The Film Programme

The Film Programme

United Kingdom

The latest releases, the hottest stars and the leading directors, plus news and insights from the film world

Episodes

La La Land  

With Francine Stock Francine takes a trip to La La Land, the musical which has just swept the board at the Golden Gobes, with critics Larushka Ivan-Zadeh and Tim Robey. Another awards contender Manchester By The Sea is released this week, and Francine talks to its writer/director Kenneth Lonergan, who explains why he thinks Hollywood scripts are getting worse and have to explain everything to audiences "as if they're idiots". Comedian Lucy Porter discusses her love for Colleen Moore, the highest paid actress in Hollywood in 1927, whose lasting legacy is a fourteen foot dolls house she carefully designed, which is now preserved in a museum.

Jodorowsky  

With Francine Stock. Francine meets Alejandro Jodorowsky, the cult director, mime artist and graphic artist, who was discovered by John Lennon and who once attempted to make a version of Dune in which Salvador Dali was paid one million dollars a minute to play a hyper-realistic robot. Animator Jason Stalman takes us behind the scenes of The Corpse Bride and Fantastic Mr Fox and reveals why he sometimes wants to strangle the puppets he works with. As the awards seasons begins in earnest with The Golden Globes on Sunday, industry experts Clare Binns, Tim Robey and Larushka Ivan-Zadeh run the rule over the front-runners.

Silence  

Francine Stock talks to Andrew Garfield, the star of Martin Scorsese's Silence.

2016 in Pictures  

Francine Stock and guests discuss the best films of 2016.

Rogue One  

Francine Stock talks to Gareth Edwards, the director of the first Star Wars spin-off, Rogue One, who reveals what makes his film so different from the seven other episodes in the franchise. Adam Rutherford tries to explain how Rogue One fits into the ever-expanding Star Wars universe and why some works have been deemed "non-canonical". Few directors can be genuinely described as unique. Rama Burshtein has that honour, being the first and only female film-maker who is part of the Orthodox Jewish community. Her latest work, Through The Wall, is a rom-com about an Israeli woman who arranges her own wedding, despite the fact that she has no groom, in the belief that God will provide.

Paul Robeson  

With Francine Stock. Francine visits the setting and locations of The Proud Valley starring Paul Robeson, actor, activist, singer, linguist, lawyer and honorary Welshman. Historian Phil Carradice explains why Robeson became a folk hero in the Rhondda Valley and about the miners' campaign to get his passport returned when he was blacklisted by the United States government and banned from leaving the country. The Proud Valley is being shown across South Wales and is the opening film at The Phoenix in Ton Pentre, a community cinema that closed its doors last year. There, Francine meets volunteer projectionist Mike Chapman, who has traced the history of the venue to its early days when it was a music hall, starring such turns as Ned Edwards and "His Two Little Queenies, the smallest artistes on the variety stage" as they were billed. Otto Bell, the director of The Eagle Huntress reveals why he spent his life savings to make a documentary about a 13 year old Mongolian girl who tried to become the first female eagle hunter in 12 generations of her Kazakh family. The director of Life, Animated, Roger Ross Williams, takes us behind the scenes of his documentary about an American family who used the language of Disney animations to communicate with their son, who was diagnosed with regressive autism at the age of three.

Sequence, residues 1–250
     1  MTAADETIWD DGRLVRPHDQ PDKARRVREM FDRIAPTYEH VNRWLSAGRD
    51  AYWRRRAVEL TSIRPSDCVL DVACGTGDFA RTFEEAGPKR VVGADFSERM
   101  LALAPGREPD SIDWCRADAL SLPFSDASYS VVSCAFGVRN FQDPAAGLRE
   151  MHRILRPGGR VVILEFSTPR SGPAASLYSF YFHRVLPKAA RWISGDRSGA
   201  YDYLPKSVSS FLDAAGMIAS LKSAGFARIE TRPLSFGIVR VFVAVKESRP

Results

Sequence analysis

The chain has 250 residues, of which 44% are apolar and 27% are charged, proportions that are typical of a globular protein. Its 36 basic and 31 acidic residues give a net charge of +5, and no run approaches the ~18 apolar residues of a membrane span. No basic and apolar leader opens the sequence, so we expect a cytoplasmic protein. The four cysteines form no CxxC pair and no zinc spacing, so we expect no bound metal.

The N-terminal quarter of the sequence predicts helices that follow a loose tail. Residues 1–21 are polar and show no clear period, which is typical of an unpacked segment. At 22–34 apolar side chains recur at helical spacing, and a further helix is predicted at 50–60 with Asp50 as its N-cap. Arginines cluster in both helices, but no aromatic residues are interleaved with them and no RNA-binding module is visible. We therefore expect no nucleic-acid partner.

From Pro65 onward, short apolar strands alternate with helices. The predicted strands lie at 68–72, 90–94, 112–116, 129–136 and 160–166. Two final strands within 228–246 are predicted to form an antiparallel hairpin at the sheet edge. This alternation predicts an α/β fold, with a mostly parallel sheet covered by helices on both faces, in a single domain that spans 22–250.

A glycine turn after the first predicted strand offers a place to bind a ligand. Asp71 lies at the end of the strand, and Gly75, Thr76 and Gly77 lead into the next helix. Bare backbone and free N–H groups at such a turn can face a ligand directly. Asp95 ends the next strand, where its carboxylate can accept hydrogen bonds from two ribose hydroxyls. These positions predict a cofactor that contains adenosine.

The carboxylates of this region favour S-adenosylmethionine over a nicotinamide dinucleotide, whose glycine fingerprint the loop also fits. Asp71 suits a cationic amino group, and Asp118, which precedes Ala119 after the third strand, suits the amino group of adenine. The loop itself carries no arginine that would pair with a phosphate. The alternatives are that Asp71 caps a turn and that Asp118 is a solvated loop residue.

Blue Velvet  

Francine Stock revisits the manicured lawns and gothic horror of Blue Velvet as David Lynch's surreal masterpiece celebrates its thirtieth anniversary. She is accompanied on her journey to the heart of suburban darkness by critics Larushka Ivan-Zadeh and Tim Robey.

A Tale of Two Picture Houses  

Francine Stock visits Campbeltown on the west coast of Scotland where the community have come together to save their art deco cinema, The Picture House, one of the most architecturally important in Europe, from terminal decline. The Uckfield Picture House celebrates its centenary this month and for over fifty years it's been owned by one family. Kevin Markwick has been with the cinema since he was babe in arms and talks about his life in pictures.

James Schamus  

Producer, writer, professor and former studio boss James Schamus tells Francine Stock why he took the plunge and directed his first film, Inidgnation, after three decades in the business. In an exclusive interview, award-winning writer/director Carol Morley reveals what her next project will be, even before a word is written or a scene is filmed.

Napoleon and I  

Historian Kevin Brownlow tells Francine Stock about his 50 year quest to restore Abel Gance's silent masterpiece Napoleon to its five and half hour glory, and why the search for missing scenes still continues even though the film is about to be released on DVD for the very first time. Composer Carl Davis takes us through his score, which borrows freely from the work of Beethoven, who dedicated his 3rd Symphony to Napoleon, only to regret it later.

Tom Ford  

With Francine Stock Fashion designer and movie director Tom Ford discusses his film-within-a-film Nocturnal Animals, and explains why he doesn't like to mix his two professions. As The Light Between Oceans has audiences weeping in the aisles, director Derek Cianfrance talks tear-jerkers and tragedy. Critics Larushka Ivan-Zadeh and Tim Robey reveal the films that have made them blub like babies.